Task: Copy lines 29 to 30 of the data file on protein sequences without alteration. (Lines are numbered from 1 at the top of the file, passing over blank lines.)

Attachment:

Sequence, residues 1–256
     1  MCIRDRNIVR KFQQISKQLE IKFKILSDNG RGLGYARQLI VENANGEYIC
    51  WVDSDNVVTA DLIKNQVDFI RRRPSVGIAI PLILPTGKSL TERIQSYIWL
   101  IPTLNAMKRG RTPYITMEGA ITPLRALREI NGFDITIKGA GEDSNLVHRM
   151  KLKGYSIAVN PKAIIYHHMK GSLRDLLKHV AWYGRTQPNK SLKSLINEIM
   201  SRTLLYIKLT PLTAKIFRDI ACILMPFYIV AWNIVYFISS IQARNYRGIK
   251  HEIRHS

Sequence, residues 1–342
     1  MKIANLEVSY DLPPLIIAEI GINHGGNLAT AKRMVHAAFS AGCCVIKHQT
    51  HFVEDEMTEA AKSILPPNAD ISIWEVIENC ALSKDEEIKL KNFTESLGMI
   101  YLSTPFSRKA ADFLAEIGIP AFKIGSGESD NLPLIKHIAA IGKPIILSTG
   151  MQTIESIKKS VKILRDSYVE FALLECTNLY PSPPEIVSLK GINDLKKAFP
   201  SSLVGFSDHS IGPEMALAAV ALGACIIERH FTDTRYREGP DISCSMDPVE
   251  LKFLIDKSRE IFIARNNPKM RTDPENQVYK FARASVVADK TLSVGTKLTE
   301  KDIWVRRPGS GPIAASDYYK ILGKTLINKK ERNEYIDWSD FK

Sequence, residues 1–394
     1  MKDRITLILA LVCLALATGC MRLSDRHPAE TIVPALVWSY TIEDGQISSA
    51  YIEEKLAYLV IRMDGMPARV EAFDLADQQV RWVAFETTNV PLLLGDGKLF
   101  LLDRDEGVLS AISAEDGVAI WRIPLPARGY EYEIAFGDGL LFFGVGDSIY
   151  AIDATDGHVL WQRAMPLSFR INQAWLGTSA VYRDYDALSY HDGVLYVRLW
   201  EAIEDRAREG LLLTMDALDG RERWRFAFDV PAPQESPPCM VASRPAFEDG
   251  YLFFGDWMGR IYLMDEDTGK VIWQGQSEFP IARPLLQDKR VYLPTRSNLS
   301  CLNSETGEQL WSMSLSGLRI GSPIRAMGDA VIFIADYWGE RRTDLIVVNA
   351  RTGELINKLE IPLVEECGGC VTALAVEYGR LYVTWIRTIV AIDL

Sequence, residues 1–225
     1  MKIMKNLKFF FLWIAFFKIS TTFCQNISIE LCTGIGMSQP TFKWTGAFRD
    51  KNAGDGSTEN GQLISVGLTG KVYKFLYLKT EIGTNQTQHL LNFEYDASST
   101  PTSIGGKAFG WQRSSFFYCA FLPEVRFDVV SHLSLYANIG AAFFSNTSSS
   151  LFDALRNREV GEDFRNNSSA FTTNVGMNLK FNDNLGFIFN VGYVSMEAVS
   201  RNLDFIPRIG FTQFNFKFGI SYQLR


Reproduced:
   151  LFDALRNREV GEDFRNNSSA FTTNVGMNLK FNDNLGFIFN VGYVSMEAVS
   201  RNLDFIPRIG FTQFNFKFGI SYQLR